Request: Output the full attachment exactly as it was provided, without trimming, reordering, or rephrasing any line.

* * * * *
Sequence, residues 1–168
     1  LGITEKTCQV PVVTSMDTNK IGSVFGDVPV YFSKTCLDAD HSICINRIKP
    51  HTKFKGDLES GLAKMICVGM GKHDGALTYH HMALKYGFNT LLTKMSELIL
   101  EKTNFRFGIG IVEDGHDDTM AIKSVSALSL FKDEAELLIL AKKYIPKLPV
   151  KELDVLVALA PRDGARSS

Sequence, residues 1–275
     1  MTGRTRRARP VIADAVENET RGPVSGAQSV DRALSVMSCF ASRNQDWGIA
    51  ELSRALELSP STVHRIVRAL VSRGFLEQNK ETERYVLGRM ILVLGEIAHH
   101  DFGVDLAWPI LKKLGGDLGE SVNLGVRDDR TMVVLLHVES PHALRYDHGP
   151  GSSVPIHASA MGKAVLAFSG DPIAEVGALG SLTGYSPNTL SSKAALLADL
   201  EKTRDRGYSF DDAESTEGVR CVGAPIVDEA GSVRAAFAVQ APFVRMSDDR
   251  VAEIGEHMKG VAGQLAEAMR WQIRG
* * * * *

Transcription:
Sequence, residues 1–168
     1  LGITEKTCQV PVVTSMDTNK IGSVFGDVPV YFSKTCLDAD HSICINRIKP
    51  HTKFKGDLES GLAKMICVGM GKHDGALTYH HMALKYGFNT LLTKMSELIL
   101  EKTNFRFGIG IVEDGHDDTM AIKSVSALSL FKDEAELLIL AKKYIPKLPV
   151  KELDVLVALA PRDGARSS

Sequence, residues 1–275
     1  MTGRTRRARP VIADAVENET RGPVSGAQSV DRALSVMSCF ASRNQDWGIA
    51  ELSRALELSP STVHRIVRAL VSRGFLEQNK ETERYVLGRM ILVLGEIAHH
   101  DFGVDLAWPI LKKLGGDLGE SVNLGVRDDR TMVVLLHVES PHALRYDHGP
   151  GSSVPIHASA MGKAVLAFSG DPIAEVGALG SLTGYSPNTL SSKAALLADL
   201  EKTRDRGYSF DDAESTEGVR CVGAPIVDEA GSVRAAFAVQ APFVRMSDDR
   251  VAEIGEHMKG VAGQLAEAMR WQIRG